The November election will decide control of the Supreme Court for a generation.
After the death of Antonin Scalia, the evenly split 4-4 court will tilt in either a liberal or conservative direction with the next appointment.
And there are hints of who Hillary Clinton may appoint to the bench.
Loretta Lynch has long been a Clinton loyalist.
She rose to prominence when President Bill Clinton nominated her to be United States Attorney for the Eastern District of New York.
While she served as Attorney General, Lynch would have the final say if charges were brought against Hillary Clinton for sending classified intelligence over a private email server.
Just days before FBI Director James Comey announced he would not be recommending charges be brought against Hillary Clinton for her email server scandal, Lynch met with former President Clinton aboard her government plane at a Phoenix airport.
Pundits were shocked Lynch would meet with the spouse of the subject of an FBI investigation.
What did they meet about?
Clinton claimed they discussed golf and family.
But what if they discussed the vacancy on the Supreme Court?
Since that meeting, speculation has swirled that Clinton would name Lynch as Scalia’s replacement.
This is why Americans think the system is rigged. pic.twitter.com/tZMqSwJnaO
— Harlan Hill (@Harlan) September 29, 2016
When Scalia tragically passed away, many pundits named Lynch as the obvious choice for Obama.
NBC News reported in February:
Tom Goldstein, who runs the influential SCOTUS blog, had earlier predicted Ninth Circuit Judge Paul Watford would make the top of President Obama’s short list. But in a revised blog post, Goldstein said he now believes Lynch is the leading contender.
Lynch is a “very serious possibility,” Goldstein wrote. “The fact that Lynch was vetted so recently for Attorney General also makes it practical for the president to nominate her in relatively short order.”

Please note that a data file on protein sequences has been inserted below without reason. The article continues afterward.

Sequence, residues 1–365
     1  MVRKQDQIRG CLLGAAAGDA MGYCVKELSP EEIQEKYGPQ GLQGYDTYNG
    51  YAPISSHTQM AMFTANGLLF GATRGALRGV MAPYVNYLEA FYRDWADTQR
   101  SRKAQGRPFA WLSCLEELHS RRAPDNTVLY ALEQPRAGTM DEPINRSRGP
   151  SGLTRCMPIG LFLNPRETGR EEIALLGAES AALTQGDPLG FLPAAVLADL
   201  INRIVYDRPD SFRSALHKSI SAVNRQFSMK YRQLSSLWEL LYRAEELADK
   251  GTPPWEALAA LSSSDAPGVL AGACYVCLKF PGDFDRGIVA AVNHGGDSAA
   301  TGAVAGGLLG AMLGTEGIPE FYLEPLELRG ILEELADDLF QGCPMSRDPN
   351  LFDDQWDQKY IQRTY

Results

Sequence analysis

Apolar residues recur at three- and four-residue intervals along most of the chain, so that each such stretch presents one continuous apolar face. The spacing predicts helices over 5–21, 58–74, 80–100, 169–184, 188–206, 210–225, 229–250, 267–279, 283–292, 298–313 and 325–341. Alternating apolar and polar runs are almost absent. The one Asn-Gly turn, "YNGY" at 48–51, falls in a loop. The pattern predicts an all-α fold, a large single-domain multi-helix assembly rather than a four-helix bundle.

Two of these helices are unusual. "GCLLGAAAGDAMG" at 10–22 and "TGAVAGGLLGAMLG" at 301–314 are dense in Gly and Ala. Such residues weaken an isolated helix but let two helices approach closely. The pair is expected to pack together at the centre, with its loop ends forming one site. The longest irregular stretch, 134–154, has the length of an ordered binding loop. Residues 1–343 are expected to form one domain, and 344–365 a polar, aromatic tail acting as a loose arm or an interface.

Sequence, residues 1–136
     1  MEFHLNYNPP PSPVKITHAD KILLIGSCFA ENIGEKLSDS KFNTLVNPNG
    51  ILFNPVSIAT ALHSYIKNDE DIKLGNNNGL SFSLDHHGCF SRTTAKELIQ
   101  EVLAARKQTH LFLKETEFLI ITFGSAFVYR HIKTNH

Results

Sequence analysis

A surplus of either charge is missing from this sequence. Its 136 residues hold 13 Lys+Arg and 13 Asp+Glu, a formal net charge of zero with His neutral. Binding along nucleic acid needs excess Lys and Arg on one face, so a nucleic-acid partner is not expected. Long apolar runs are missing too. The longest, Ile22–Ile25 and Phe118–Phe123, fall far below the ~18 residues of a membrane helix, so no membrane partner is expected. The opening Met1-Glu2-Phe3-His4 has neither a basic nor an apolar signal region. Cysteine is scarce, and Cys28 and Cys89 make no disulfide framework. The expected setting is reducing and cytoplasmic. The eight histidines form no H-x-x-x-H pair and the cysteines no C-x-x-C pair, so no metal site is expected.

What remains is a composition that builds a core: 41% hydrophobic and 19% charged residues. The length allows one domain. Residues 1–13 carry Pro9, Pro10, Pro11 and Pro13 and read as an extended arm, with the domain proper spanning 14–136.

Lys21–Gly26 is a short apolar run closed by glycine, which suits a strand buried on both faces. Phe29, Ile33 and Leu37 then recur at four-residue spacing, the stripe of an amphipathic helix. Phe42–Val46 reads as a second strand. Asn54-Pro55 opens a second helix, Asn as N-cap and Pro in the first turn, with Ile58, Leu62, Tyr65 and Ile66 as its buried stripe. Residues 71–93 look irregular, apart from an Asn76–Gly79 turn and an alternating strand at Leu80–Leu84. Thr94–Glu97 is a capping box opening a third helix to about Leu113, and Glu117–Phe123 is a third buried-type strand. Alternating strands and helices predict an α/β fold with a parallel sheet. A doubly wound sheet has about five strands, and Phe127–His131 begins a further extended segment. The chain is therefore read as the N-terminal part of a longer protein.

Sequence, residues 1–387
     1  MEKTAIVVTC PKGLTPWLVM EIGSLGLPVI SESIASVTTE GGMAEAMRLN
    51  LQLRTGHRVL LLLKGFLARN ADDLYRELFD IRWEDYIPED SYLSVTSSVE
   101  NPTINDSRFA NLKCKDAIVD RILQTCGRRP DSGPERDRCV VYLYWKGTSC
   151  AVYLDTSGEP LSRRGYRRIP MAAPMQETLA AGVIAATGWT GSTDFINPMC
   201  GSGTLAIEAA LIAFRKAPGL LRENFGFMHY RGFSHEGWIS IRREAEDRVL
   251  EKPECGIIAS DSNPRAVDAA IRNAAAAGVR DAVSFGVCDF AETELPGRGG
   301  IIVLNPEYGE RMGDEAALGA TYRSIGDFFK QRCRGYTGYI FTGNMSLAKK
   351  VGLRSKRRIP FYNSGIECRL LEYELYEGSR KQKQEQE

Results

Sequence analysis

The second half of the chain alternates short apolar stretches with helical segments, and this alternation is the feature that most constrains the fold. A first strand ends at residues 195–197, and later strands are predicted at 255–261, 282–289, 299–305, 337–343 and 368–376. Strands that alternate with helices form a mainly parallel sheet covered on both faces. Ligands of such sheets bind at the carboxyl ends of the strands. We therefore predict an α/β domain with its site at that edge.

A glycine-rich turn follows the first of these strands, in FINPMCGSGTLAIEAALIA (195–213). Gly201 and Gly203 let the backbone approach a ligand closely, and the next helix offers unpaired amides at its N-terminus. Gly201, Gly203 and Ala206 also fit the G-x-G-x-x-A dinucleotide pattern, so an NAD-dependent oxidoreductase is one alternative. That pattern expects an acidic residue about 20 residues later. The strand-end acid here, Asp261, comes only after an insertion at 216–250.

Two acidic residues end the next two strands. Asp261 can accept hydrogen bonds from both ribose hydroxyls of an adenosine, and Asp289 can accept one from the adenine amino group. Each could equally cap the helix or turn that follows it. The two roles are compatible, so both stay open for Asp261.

Lynch later withdrew her name and Obama nominated Merrick Garland.
But many believed that was just a ploy.
Shortly after Scalia’s tragic passing, Senate Majority Leader Mitch McConnell announced he would not consider any nominees before the election.
McConnell cited the Biden Rule – which was named as such after then-Senator Joe Biden made a 1992 Senate floor speech declaring that no nominees in an election year would be considered.
Many believed that whomever Obama nominated was dead on arrival and it would poison any chance for a future appointment.
So Lynch preemptively took herself out of the running to be Obama’s nominee.
But the statement announcing she did not wish to be considered as Scalia’s replacement did not rule out a future appointment.
“As the conversation around the Supreme Court vacancy progressed, the Attorney General determined that the limitations inherent in the nomination process would curtail her effectiveness in her current role. Given the urgent issues before the Department of Justice, she asked not to be considered for the position,” Justice spokeswoman Melanie Newman said in a statement…
…”While [Lynch] is deeply grateful for the support and good wishes of all those who suggested her as a potential nominee, she is honored to serve as Attorney General, and she is fully committed to carrying out the work of the Department of Justice for the remainder of her term,” Newman added.
Lynch is rabidly anti-gun and has defended Obama’s illegal executive amnesty.
She would be a sure vote to undo the Heller decision and allow for the government to ban and confiscate firearms.
Lynch would also likely be a reliable liberal vote on every major case that came before the Supreme Court.